A-Z OF SKIN

Primary Cutaneous B-Cell Lymphoma (PCBCL)

BACK TO A-Z SEARCH

Primary Cutaneous B-Cell Lymphoma (PCBCL)

Also known as cutaneous B-cell lymphoma

What is primary cutaneous B-cell lymphoma (PCBCL)?

Tumours of the lymph nodes and lymphatic system are called “lymphomas”. B-cell lymphomas are caused by an excess of B-cell lymphocytes, a type of white blood cell. Primary cutaneous B-cell lymphomas (PCBCL) are a group of B-cell lymphomas that are localised to the skin, without evidence of disease beyond the skin at the time of diagnosis. PCBCL most commonly affects people over the age of 55 years.

There are a number of types of PCBCL:

  • Primary cutaneous marginal zone lymphoma (PCMZL)
  • Primary cutaneous follicle centre lymphoma (PCFCL)
  • Primary cutaneous diffuse large B-cell lymphoma, leg type (PCDLBCL-LT)
  • Primary cutaneous diffuse large B-cell lymphoma, other (PCDLBCL-other)
  • Primary cutaneous intravascular large B-cell lymphoma

PCDLBCL and other primary cutaneous intravascular large B-cell lymphoma are very rare and hence will not be discussed further.

What causes PCBCL?

The cause of PCBCL is largely unknown. Previous infection with Borrelia burgdorferi which causes Lyme disease has been associated with some cases of PCMZL. B-cell lymphomas comprise 20-25% of primary skin lymphomas.

What does PCBCL look like?

  • Primary cutaneous marginal zone lymphoma (PCMZL)

PCMZL presents as red to purple coloured lumps and bumps on the skin. The most common sites affected are the trunk, arms or head. The lesions may be single or multiple and usually cause no symptoms.

  • Primary cutaneous follicle centre lymphoma (PCFCL)

PCFCL occur most commonly on the head, neck and trunk. Affected areas are reddish purple and raised.

  • Primary cutaneous diffuse large B-cell lymphoma, leg type (PCDLBCL-LT)

PCLBCL-LT presents with lumps and bumpy areas on one or both legs. Lesions are red to purple/blue in colour. Despite the name, this type of lymphoma can occur at other sites in 15% of cases.

How are PCBLs diagnosed?

To make the diagnosis of PCBCL the following investigations are required:

  • Skin biopsy – this will be sent to a pathologist for examination. If positive, a dense collection of abnormal appearing B-cells will be seen. The pathologist then performs special stains on the tissue (immunohistochemistry) to help identify which type of B-cell lymphoma is present.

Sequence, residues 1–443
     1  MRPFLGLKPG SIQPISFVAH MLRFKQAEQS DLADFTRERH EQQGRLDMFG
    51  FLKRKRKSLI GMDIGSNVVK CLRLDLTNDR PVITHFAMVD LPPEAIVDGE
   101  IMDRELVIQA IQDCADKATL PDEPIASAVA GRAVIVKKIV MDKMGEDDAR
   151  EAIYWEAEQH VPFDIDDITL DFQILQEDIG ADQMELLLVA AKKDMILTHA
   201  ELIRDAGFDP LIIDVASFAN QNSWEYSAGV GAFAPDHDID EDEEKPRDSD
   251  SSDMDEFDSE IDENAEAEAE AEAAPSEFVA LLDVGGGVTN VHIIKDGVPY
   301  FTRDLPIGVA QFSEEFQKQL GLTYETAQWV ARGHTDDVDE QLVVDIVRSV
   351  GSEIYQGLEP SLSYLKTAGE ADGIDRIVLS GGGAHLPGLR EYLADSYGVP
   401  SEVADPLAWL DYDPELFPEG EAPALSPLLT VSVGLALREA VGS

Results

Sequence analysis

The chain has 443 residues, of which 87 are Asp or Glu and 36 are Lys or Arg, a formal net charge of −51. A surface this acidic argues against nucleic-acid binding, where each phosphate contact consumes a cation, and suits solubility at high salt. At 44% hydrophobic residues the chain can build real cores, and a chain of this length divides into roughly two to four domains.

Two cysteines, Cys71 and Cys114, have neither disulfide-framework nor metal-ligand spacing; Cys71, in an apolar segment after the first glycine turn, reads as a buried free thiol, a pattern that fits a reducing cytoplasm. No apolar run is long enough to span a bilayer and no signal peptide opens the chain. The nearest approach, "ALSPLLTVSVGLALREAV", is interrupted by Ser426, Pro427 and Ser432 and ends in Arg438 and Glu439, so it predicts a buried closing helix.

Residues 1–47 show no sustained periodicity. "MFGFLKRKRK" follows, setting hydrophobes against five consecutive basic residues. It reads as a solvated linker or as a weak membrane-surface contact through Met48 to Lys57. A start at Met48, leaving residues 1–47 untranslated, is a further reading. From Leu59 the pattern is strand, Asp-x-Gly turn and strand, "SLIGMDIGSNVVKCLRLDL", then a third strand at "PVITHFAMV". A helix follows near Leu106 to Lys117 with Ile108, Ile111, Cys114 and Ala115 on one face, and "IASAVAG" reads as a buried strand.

• Investigations to exclude involvement in other organs:
    • Blood tests
    • Radiological tests (CT  scan, PET scan)
    • Lymph node biopsy (if any lymph nodes are felt on examination)
    • A bone marrow biopsy is generally recommended for individuals with DLBCL and PCMZL, as well as individuals with more widespread PCFCL, and would be done under the guidance of a haematologist
  • Borrelia serology – Individuals with PCMZL may be investigated for Lyme disease if they have been to a geographical region where exposure is possible.

How are PCBCLs treated?

The method of treatment depends on the type of PCBCL present. Most cases would involve the expertise of a dermatologist and a haematologist in a specialised centre.

For PCFCL and PCMZL which are indolent (low-grade) lymphomas, management options include:

  • Observation without treatment if no symptoms
  • Radiotherapy – the most frequently used treatment method
  • Surgical excision (removal)
  • Corticosteroid injections into the areas affected
  • Rituximab (anti-CD20 antibody) injections
  • Oral or injected medications for more generalised disease such as rituximab, interferon, chlorambucil

For PCDLBCL-LT, which is a more aggressive (intermediate-grade) type of lymphoma, management options include:

  • Radiotherapy
  • Rituximab
  • Chemotherapy R-CHOP (cyclophosphamide, doxorubicin, vincristine and prednisolone with rituximab).

What is the likely outcome of PCBCL?

The prognosis of PCBCL depends on the type of lymphoma diagnosed.

  • Primary Cutaneous Marginal Zone Lymphoma (PCMZL)

This is an indolent (low-grade) lymphoma with an excellent prognosis. The 5-year survival rate is 99%. Spontaneous resolution (recovery) can occur. Following treatment recurrence (new skin lesions) is common (60%+). This does not imply a poorer prognosis.

  • Primary Cutaneous Follicle Centre Lymphoma (PCFCL)

This is an indolent (low-grade) lymphoma with a very good prognosis. The 5-year survival rate is 95%. Spontaneous resolution (recovery) can occur. Recurrence is common following treatment (60%+) but does not imply a worse prognosis.

  • Primary Cutaneous Diffuse Large B cell lymphoma, leg-type (PCDLBCL-LT)

This is a more aggressive (intermediate-grade) lymphoma with a poorer prognosis and high risk of spread to other organs. The 5-year survival rate is less than 50%.

Further information about PCBCL

Cutaneous Lymphoma Organisation

This information has been written by Dr Kate Newland, Dr Olivia Milne, Associate Professor Chris McCormack and Professor Miles Prince

Disclaimer

2019 © Australasian College of Dermatologists.

You may use for personal use only. Please refer to our disclaimer.